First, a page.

We thought it best to leave the third site, Owens-Thomas House & Slave Quarters, for another day; three museums in a row seemed like an overkill and, besides, tickets not only give access to all three sites, but they also remain valid for a week.

Jepson Center, Savannah GA

April 3rd, 2018

Savannah || Telfair Academy of Arts & Sciences

The Telfair Academy, the Jepson Center and the Owens-Thomas House are three distinctly different buildings in close distance with each other, united under the umbrella of Telfair Museums. Each one houses an art collection that corresponds to the period it was built.

Let us start today with a visit to the Telfair Academy. Designed by William Jay in neoclassical Regency style, completed in 1819 as a residence for Alexander Telfair, it houses 19th- and 20th-century American and European art. Athanadoros, Hagesandros and Polydoros of Rhodes
Laocoön and His Sons, early first century A.D.
(cast madxe before 1893)

The original version of this sculpture can be found in the collection of the Vatican Museums, Rome.


Childe Hassam (1859-1935)
Brooklyn Bridge in Winter, 1904
Oil on canvas


Frederick Carl Frieseke (1874-1939)
The Garden Umbrella, by 1910
Oil on canvas


Frederick Carl Frieseke (1874-1939)
The Hammock, by 1915
Oil on canvas


Henri Caro-Delvaille (1875-1928)
La toilette d’Herminie, 1906
Oil on canvas


Józef Brandt (1841-1915)
Ein Gefecht (A Battle), 1888
Oil on canvas


Julian Story (1857-1919)
The Black Prince at Crécy, 1888 (detail)
Oil on canvas


Walter MacEwen (1860-1943)
The Lacemakers, c. 1885-1900
Oil on canvas


Carl Ludwig Brandt (1831-1905)
Mary Telfair, 1896

Carl Brandt was the first director of the Telfair, serving in that capacity from 1883 until his demise in 1905. His portrait of local philanthropist Mary Telfair (1791-1875), whose bequest of her home to the public as an ”academy of arts and sciences” allowed the creation of the Telfair Museum of Art, was commissioned by the museum’s trustees.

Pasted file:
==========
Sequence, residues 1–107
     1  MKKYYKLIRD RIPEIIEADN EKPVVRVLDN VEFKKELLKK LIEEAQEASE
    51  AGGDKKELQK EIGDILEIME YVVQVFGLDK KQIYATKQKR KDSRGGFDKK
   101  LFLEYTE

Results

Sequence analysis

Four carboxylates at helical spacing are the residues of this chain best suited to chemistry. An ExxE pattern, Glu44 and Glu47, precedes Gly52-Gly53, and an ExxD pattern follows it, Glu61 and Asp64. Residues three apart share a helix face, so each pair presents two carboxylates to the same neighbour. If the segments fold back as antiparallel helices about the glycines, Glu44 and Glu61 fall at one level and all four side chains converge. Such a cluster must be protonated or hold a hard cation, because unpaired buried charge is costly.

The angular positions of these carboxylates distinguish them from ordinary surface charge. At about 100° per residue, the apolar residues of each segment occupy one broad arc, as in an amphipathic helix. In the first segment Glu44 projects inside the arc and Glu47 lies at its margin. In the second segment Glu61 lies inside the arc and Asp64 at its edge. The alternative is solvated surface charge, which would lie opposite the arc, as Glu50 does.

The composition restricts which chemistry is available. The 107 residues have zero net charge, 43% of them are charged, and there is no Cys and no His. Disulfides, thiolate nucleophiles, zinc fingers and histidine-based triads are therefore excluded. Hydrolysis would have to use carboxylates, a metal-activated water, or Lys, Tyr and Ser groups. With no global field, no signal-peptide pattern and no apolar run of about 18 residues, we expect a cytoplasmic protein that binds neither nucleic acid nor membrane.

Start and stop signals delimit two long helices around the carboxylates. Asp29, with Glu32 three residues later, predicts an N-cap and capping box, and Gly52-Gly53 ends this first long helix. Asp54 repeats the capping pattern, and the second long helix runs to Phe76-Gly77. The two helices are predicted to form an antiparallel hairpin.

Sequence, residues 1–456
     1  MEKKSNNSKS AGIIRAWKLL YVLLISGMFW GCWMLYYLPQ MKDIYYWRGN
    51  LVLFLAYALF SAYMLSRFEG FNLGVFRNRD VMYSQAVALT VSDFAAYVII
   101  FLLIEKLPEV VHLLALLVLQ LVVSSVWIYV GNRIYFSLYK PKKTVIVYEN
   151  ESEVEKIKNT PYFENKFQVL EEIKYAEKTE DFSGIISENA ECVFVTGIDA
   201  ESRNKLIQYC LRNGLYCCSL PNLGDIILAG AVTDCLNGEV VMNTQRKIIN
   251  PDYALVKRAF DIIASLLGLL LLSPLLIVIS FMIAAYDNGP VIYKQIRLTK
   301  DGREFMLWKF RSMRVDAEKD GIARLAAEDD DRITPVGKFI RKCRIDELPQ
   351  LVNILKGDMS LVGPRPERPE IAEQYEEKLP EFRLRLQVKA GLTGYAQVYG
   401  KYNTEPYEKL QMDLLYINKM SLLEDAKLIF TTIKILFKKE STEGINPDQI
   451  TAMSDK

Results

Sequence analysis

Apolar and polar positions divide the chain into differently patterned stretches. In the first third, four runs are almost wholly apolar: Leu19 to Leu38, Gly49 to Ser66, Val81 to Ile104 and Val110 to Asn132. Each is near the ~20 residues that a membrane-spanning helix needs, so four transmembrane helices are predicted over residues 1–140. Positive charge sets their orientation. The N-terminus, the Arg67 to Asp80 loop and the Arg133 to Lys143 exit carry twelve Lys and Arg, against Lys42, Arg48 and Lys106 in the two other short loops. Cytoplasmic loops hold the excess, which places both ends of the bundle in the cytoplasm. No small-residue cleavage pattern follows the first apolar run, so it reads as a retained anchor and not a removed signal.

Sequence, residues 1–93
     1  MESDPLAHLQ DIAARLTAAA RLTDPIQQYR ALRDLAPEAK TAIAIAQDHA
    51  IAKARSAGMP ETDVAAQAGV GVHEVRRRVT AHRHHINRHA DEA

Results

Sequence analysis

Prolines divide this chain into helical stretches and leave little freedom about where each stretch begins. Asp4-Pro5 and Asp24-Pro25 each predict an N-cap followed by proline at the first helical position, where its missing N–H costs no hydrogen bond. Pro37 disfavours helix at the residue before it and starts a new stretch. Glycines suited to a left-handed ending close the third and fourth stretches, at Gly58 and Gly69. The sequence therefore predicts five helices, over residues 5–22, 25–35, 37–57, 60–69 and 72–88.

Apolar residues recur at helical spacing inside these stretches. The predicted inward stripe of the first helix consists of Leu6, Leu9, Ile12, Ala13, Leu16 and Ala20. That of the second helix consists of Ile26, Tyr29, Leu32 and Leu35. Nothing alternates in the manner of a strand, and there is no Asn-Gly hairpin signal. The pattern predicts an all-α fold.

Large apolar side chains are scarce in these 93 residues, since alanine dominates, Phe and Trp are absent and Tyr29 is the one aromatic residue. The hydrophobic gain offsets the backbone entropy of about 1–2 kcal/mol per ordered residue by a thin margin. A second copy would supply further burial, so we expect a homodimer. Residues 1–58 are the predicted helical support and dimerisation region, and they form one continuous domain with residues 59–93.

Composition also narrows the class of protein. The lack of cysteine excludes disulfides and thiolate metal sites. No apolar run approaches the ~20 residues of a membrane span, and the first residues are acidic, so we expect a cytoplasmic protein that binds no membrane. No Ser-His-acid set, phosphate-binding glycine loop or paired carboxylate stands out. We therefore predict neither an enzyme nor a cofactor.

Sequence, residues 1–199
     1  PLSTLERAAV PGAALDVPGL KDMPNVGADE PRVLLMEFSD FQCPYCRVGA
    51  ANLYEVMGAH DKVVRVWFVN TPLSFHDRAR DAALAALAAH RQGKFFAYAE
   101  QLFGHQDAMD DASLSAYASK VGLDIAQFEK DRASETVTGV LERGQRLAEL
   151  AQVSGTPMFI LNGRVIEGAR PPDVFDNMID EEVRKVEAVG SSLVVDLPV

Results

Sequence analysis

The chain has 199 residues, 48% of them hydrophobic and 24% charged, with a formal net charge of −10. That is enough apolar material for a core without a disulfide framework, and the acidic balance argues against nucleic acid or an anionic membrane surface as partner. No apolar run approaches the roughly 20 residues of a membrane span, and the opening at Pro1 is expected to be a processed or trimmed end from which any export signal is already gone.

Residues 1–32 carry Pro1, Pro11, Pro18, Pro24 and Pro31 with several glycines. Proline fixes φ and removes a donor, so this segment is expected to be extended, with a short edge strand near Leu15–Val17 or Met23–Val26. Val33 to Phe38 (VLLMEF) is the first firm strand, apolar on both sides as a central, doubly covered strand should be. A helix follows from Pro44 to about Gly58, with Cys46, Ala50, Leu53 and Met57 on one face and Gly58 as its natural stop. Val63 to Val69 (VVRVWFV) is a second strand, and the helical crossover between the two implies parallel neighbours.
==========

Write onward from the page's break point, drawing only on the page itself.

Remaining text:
Raoul du Gardier (1871-1952)
Calme blanc, 1905-8
Oil on canvas


Gari Melchers (1860-1932)
Madonna of the Fields, c. 1895
Gouache on canvas


Telfair Museums, Savannah, GA

April 3rd, 2018

Walking in Savannah || Reconnaissance

Savannah is beautiful, discreet and laid-back in an elegant sort of way. If Savannah was a person, she would have been a lady of a certain age and of the Victorian era, sipping her afternoon tea in her lovely garden with friends. As it happens, Savannah is a cool city that attracts millions of tourists every year and yet still manages to keep her composure and good manners, making sure everyone enjoys generous doses of that famous Southern Hospitality and some take away booze* which makes walking in the city all the more interesting. This lady sure has style!

*In Savannah, it is permitted  to carry open drinks as long as they are held in a plastic cup (not in a bottle or mug) and are consumed within the Historic District.

Images from our first day walk –  some interesting places to bookmark:

The Independent Presbyterian Church
The Foley House Inn
First Baptist Church
The Savannah College of Art and Design
The Paris Market
Marshall House
Savannah Taphouse
Colonial Park Cemetery
The Cathedral of St. John the Baptist
Lucas Theatre for the Arts
Leopold’s Ice cream

April 2nd, 2018

You know you are in Savannah when…

When her majesty the Queen Georgia of Savannah herself invites you on board for cocktails and old time tales; when the ”sweetheart of seafaring men of the world”, Miss Florence Matus ”the waving girl” is still waving her handkerchief welcoming you to her home, just as she did for every passing ship, every single day for forty-four years; and when the night that falls sweetly over the city’s cobblestone squares brings Savannah’s secret world of spirits to life, old souls walk past you and fade into the mist, like a midsummer night’s breeze.

Walking along the East River Street, Johnson Square & Reynolds Square

Savannah, GA

April 1st, 2018